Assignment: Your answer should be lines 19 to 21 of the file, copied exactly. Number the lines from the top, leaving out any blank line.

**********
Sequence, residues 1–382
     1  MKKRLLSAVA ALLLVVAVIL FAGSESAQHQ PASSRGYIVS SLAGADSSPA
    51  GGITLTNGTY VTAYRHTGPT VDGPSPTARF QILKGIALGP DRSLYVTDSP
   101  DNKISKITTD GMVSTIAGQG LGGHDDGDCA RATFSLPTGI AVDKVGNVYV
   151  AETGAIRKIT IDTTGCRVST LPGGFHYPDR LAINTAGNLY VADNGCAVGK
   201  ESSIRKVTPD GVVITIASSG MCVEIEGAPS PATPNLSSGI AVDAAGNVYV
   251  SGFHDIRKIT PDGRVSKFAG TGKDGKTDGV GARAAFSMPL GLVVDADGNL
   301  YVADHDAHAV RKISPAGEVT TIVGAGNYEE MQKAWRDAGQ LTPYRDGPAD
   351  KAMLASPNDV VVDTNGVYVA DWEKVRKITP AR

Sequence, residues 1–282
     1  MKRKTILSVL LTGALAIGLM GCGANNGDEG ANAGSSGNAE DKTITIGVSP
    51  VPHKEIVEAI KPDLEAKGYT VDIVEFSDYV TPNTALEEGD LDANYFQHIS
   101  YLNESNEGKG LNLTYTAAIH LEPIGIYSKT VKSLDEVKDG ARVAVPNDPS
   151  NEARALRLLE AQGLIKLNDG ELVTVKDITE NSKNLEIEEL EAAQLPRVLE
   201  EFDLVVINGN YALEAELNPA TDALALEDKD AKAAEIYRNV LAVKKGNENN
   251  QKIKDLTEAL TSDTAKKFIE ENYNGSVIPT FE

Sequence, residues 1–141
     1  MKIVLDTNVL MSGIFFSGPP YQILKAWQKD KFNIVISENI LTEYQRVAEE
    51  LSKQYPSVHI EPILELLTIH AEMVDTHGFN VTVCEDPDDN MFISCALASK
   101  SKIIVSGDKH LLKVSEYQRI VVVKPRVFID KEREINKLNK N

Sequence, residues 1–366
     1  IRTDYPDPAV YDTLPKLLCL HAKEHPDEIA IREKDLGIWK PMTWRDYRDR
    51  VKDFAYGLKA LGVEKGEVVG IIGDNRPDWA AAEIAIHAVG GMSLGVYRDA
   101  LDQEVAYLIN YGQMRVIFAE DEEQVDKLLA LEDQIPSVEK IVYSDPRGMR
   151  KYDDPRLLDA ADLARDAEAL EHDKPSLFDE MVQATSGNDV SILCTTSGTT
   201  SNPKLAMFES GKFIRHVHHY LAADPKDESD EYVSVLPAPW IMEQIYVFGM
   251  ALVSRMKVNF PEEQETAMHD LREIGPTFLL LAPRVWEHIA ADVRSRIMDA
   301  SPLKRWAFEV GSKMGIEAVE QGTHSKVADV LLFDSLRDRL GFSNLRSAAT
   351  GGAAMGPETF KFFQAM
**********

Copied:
    51  LSKQYPSVHI EPILELLTIH AEMVDTHGFN VTVCEDPDDN MFISCALASK
   101  SKIIVSGDKH LLKVSEYQRI VVVKPRVFID KEREINKLNK N

Sequence, residues 1–366